THANK YOU CHOP NATION!!!!!
Feb. 5, 2023

The World of Live Entertainment with David Carpenter

The World of Live Entertainment with David Carpenter

We have released one of our vaulted episodes featuring David Carpenter. We hope you enjoy as we dive into the world of production and broadway!!!

David Carpenter is the CEO of Gamiotics, Inc., a live entertainment software company that enables real time communication between audience and content and is powering the next generation of immersive and experiential entertainment. Gamiotics mission is to deliver authentic experiences through audience agency. He is a twenty-year veteran of the entertainment industry and a Tony nominated producer. 

He is currently a managing partner in the new interactive experience, The Twenty-Sided Tavern. Bringing a D&D style RPG game into live entertainment space using Gamiotics technology to power the audience engagement, this exciting new project will premiere in 2022.

Sierra Nevada Pressure Washing
Your veteran owned and family operated pressure washing business to clean the outside of your home!

Support the show
Transcript
Dustin Steffey:

This week's episode is brought to you by Sierra Nevada pressure washing family owned veteran operated and located locally. There's no better pressure washing company than Sierra Nevada pressure washing. As we get through the winter months here, please keep them in mind. Head on over to their Facebook profile at Sierra Nevada pressure washing and or head on over to their website www dot Sierra Nevada pressure washing.com To keep up on their specials for spring again, Sierra Nevada pressure washing veteran owned family operated

Jaden Norvell:

Welcome to your top rated business entrepreneurship self development and smart investment podcast. This podcast is hosted by creator and founder Dr. Dustin Steffey and also hosted by coach, music producer and influencer yours truly Jaden rush Norville, we are blessed for many accolades such as being nominated for the People's Choice Award for Best Business Podcast, as well as raising over $5,000 last year for the Cystic Fibrosis Foundation as well as the Boys and Girls Club, spending a global reach or podcasts in the top four downloads in four countries. Without further ado, welcome to chopping wood fire ladies and gentlemen, let's chop it up

Dustin Steffey:

Hello, and welcome to an episode of chopping wood fire you are joined with your host Dustin Steffey Jaden is on a hiatus with coaching the last few games of football. So you guys are stuck with me until Jaden can get back. With that being said, I have a couple of housekeeping things. One, we have gone through some changes with our social media, all of our social media is the same however, we are starting to ensure that the content provided to you is perfect, and that all communication is open. So that way you guys know what is going on, we are getting into the end of the year, which means that there's going to be changes going into the new year because if we're a business that doesn't change, then we're failing. So we don't want to fail you guys. We want to exceed expectations and be able to provide you the quality content that you guys deserve. So with that being said, please keep up on all social medias on your favorite social media platform. We are on everything. So that includes Facebook, LinkedIn, Twitter, Instagram, Snapchat, tic toc. And of course, our website if you guys want to keep completely up to date, I recommend heading to our website to start our website is www dot chopping with fire that ch o p p i n with feiyr.com that houses everything to keep you guys up to date and has links to all of our social media. That being said, that's all the housekeeping I want to dive right into it with our expert today. Currently, we have a unique expert that really is going to be able to give us some good added value today. His name is David carpenter. He has 22 years of entertainment experience bringing in technology within into live entertainment. With that being said, David, how are you? I'm great. How are you doing? Good. New York. I know that's where you're you're in the upper part of New York, right? It's pretty there. It's fall. It's fall. It's great. I live in I live just outside of New York City in the suburbs. And it's like perfect fall. You know, war was warm up until yesterday. But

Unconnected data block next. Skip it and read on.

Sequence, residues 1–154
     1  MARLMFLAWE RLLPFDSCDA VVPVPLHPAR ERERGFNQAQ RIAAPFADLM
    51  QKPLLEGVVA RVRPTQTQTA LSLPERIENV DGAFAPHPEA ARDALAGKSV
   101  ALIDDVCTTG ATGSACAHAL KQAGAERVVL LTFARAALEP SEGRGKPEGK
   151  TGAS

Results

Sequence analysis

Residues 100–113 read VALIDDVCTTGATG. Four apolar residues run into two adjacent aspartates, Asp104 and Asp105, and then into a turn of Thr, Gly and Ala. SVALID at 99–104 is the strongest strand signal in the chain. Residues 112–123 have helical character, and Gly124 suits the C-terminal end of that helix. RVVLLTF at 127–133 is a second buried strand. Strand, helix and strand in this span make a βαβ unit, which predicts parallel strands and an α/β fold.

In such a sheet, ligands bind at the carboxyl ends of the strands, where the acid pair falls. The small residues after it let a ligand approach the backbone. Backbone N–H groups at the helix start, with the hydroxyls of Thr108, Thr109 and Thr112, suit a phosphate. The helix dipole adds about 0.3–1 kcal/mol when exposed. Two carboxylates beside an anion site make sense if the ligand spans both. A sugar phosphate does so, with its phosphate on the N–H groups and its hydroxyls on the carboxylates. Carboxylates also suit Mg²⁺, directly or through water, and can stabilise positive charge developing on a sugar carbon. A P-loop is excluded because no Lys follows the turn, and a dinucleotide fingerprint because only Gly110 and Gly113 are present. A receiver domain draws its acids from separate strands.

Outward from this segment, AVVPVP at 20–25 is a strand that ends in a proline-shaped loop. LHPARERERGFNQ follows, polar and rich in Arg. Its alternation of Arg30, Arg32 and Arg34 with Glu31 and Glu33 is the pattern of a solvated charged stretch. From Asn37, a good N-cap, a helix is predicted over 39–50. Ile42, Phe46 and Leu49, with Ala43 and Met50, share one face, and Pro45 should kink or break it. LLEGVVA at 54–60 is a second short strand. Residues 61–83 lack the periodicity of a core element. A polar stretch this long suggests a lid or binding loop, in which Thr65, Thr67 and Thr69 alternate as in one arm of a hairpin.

David Carpenter:

yeah, it's more it's gorgeous time of year up here. And I actually just I just got back from Chicago, where I was for three weeks and the weather was perfect. So it's like I've been I've been all over the I've been all over the north part of this country. Last in Alaska a couple of months. That's awesome. Yeah. See in Reno, the weather's bipolar. Because basically we had summer all the way up until like, last week. So we weren't getting that cold back cold weather. Now it's starting to it's starting. It's starting to hit it. I've been staying ahead of it as I've been as I've been traveling back east slowly but surely.

Dustin Steffey:

Yeah. You never can tell the weather where I'm at it just it flips a switch on us here. So we actually had a snow a couple days ago so it was pretty crazy. Yikes. And now we're not even Yeah, I'm not ready for that either. Just like the people that put up Christmas lights like in October not ready for that either.

David Carpenter:

Yeah, right. Exactly. Yeah. Wait till everything's giving wait till everything's doing

Dustin Steffey: